Qorsho, the first Somali American educator to receive the prestigious honor, was selected out of 134 nominees. The principal at Gideon Pond Elementary School in Burnsville, where Qorsho taught fifth grade the last two years, described her as a “game-changing educator.”
Qorsho Hassan, Minnesota’s 2020 Teacher of the Year, holds her makeshift award in front of the state Capitol Thursday night. The frame will be replaced with an engraved plaque. Credit: Jaida Grey Eagle | Sahan Journal
Qorsho Hassan, a 30-year-old Burnsville elementary school teacher, was named Minnesota Teacher of the Year in a ceremony on the lawn of the State Capitol Thursday night. She’s the first Somali American to receive the award.
In her acceptance speech, Qorsho, who grew up in a predominantly white Ohio town post-9/11 when Islamophobia was rampant, said that she wanted to be the teacher she never had.
“I am radically student-centered because I’m constantly trying to be who I needed when I was younger,” she said.
Qorsho noted that her students call her by her first name and help direct their own learning. “They run the classroom with me,” she said. “I refuse for anyone to dim the light of my students.”
The Minnesota Teacher of the Year program is sponsored by Education Minnesota, the state’s largest educators union.
Qorsho was selected out of 134 nominees. Her colleagues and students’ parents showered her with praise. The principal at Gideon Pond Elementary School in Burnsville, where Qorsho taught fifth grade the last two years, described her as a “game-changing educator.”
Hamdi Dahir, whose daughter Amira was in Qorsho’s fifth grade class at Gideon Pond Elementary School last year, told Sahan Journal in April that Amira was thrilled and inspired to have Qorsho as a teacher.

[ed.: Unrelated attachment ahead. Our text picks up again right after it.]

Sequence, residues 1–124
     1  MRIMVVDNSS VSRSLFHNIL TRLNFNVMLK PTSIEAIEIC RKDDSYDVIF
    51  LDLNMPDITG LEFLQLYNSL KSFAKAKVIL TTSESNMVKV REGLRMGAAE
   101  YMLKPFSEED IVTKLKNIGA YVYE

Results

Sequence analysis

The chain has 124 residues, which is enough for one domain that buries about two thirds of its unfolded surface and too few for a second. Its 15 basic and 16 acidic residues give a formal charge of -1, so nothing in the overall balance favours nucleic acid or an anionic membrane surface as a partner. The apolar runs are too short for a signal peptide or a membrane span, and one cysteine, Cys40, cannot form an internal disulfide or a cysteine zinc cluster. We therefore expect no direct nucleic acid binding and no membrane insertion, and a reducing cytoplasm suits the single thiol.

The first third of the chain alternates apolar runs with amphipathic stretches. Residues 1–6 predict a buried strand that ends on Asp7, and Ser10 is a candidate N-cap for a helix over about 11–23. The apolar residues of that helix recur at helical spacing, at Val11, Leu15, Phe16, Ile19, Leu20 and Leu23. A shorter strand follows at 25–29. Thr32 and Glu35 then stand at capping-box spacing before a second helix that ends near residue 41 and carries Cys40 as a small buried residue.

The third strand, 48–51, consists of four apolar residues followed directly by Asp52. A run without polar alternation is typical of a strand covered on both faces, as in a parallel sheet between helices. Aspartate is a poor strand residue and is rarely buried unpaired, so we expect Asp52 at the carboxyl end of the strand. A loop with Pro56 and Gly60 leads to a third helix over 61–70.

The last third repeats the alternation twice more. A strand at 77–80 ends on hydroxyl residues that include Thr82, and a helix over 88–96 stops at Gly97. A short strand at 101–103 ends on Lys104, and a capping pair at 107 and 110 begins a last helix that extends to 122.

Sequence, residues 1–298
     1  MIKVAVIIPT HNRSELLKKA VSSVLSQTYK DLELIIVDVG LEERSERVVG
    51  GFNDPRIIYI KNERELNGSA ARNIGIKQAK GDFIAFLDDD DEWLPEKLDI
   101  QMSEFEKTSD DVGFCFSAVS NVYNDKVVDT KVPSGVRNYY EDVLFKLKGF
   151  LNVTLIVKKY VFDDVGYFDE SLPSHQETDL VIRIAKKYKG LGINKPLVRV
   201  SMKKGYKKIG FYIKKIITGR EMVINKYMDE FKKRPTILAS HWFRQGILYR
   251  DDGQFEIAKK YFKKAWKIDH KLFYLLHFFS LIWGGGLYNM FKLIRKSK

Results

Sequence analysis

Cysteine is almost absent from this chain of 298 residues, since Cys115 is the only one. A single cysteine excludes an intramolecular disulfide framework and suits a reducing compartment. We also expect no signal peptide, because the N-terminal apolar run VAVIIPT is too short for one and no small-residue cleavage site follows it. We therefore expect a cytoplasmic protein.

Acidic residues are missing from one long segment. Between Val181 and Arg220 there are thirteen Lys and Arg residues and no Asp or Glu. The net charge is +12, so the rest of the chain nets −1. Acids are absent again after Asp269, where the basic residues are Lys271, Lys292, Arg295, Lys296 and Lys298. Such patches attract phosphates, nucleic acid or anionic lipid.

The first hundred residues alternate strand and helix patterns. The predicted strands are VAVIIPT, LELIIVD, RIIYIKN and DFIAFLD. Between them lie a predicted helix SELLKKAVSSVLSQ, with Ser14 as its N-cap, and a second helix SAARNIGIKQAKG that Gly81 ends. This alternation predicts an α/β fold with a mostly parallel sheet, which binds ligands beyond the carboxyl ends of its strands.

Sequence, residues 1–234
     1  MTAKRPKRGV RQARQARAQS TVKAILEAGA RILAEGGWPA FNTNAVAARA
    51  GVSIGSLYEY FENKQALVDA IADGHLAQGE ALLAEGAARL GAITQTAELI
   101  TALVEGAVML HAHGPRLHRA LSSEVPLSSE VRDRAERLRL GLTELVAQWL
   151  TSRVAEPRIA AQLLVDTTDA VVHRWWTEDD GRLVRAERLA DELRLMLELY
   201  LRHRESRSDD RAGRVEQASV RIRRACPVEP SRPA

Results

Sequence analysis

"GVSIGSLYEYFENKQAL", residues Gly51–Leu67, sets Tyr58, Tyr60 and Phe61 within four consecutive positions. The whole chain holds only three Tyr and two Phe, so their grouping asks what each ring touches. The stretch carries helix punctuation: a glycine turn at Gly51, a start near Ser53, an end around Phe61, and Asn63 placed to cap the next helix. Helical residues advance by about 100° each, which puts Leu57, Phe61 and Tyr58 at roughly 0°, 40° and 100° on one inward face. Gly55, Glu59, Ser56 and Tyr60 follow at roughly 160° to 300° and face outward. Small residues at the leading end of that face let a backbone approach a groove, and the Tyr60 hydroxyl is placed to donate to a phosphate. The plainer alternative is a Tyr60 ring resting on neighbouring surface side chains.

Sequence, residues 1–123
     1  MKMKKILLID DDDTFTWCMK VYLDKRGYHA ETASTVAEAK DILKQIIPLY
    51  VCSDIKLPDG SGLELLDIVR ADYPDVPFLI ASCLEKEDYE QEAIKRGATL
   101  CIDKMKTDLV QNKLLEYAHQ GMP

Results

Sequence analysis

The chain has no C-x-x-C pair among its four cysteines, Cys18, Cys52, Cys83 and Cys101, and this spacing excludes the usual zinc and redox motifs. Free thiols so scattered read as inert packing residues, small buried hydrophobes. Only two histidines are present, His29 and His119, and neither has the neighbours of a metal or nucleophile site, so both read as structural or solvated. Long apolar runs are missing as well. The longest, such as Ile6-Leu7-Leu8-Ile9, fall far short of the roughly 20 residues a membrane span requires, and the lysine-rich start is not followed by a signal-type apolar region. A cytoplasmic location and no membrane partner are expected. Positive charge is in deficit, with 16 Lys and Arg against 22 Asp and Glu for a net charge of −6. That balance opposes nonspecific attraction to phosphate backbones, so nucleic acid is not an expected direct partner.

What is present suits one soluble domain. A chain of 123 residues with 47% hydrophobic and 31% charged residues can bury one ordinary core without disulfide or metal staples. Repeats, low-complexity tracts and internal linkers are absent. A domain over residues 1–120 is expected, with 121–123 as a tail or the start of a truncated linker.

“It’s very important for them to see a teacher like her go so far,” Hamdi said. “They can take up after her example.”
In an interview with Sahan Journal, Qorsho said her student-centered approach meant developing relationships and trust with students, and letting their questions guide their learning. For example, when she was teaching about Native Americans, her students had questions about the boarding schools where many Indigenous children were sent in the 19th and 20th centuries, and drew connections to the discrimination Native Amercians face today. Qorsho created space to let their questions guide the unit.
This year, Qorsho will be teaching fourth grade in Rosemount-Apple Valley-Eagan schools. Despite high praise from her colleagues, she lost her position at Gideon Pond Elementary in budget cuts this spring.
Qorsho said she wants to use her position as Minnesota Teacher of the Year to advocate for better retention of teachers of color and encourage anti-racist training for white teachers.
“It gives me a platform to illuminate some of the issues that I face as a Black educator with retention and support for staff of color,” she said.
Though the last year was challenging as teachers and students suddenly had to transition to distance learning because of the coronavirus pandemic, Qorsho said being able to connect with her students remotely kept her going.
“The beauty of teaching and being an educator is that our students are our hope,” she said. “That is what grounds me all the time.”